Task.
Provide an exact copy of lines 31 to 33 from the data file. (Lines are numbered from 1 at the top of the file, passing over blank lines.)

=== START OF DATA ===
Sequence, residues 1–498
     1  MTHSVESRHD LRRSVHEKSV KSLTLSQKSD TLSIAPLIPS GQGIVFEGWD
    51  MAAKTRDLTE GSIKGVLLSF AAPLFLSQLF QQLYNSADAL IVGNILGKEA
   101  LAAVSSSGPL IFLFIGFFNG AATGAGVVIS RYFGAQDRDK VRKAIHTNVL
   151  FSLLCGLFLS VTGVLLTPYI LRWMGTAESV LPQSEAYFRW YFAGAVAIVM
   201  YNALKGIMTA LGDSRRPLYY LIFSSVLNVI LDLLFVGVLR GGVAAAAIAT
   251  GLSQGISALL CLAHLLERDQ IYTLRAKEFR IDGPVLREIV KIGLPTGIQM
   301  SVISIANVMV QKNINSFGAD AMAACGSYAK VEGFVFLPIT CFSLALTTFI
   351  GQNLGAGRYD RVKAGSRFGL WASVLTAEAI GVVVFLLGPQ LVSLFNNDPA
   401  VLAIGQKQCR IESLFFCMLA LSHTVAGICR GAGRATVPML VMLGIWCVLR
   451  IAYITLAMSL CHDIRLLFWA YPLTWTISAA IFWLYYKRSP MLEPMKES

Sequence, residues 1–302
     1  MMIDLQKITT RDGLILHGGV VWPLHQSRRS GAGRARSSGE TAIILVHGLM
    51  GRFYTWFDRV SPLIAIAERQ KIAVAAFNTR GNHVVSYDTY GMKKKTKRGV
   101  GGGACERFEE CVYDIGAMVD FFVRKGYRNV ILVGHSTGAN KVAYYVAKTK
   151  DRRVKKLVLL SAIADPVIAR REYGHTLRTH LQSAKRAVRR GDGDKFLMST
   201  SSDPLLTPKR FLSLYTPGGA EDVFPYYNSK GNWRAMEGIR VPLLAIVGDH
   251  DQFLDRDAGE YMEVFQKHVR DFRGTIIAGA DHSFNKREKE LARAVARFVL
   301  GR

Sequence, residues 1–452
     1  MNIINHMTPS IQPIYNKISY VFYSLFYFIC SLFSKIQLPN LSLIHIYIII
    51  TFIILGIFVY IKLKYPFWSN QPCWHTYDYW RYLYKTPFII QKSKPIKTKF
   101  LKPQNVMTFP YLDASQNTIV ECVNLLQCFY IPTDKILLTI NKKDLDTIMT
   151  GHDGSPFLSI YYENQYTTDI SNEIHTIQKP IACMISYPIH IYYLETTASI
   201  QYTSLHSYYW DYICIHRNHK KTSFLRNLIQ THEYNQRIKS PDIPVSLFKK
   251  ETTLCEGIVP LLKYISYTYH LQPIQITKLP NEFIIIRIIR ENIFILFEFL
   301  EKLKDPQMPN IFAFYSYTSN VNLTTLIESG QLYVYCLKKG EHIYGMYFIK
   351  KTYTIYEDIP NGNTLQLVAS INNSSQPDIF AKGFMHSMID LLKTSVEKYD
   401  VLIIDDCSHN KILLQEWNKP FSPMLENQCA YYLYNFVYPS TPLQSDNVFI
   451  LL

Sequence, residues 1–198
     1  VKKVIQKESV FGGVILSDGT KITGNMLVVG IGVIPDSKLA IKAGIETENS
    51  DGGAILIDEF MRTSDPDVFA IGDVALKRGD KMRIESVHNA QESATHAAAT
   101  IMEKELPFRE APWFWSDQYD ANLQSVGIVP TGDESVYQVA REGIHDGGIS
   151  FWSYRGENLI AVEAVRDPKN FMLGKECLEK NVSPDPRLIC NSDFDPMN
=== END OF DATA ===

Sequence, residues 1–198
     1  VKKVIQKESV FGGVILSDGT KITGNMLVVG IGVIPDSKLA IKAGIETENS
    51  DGGAILIDEF MRTSDPDVFA IGDVALKRGD KMRIESVHNA QESATHAAAT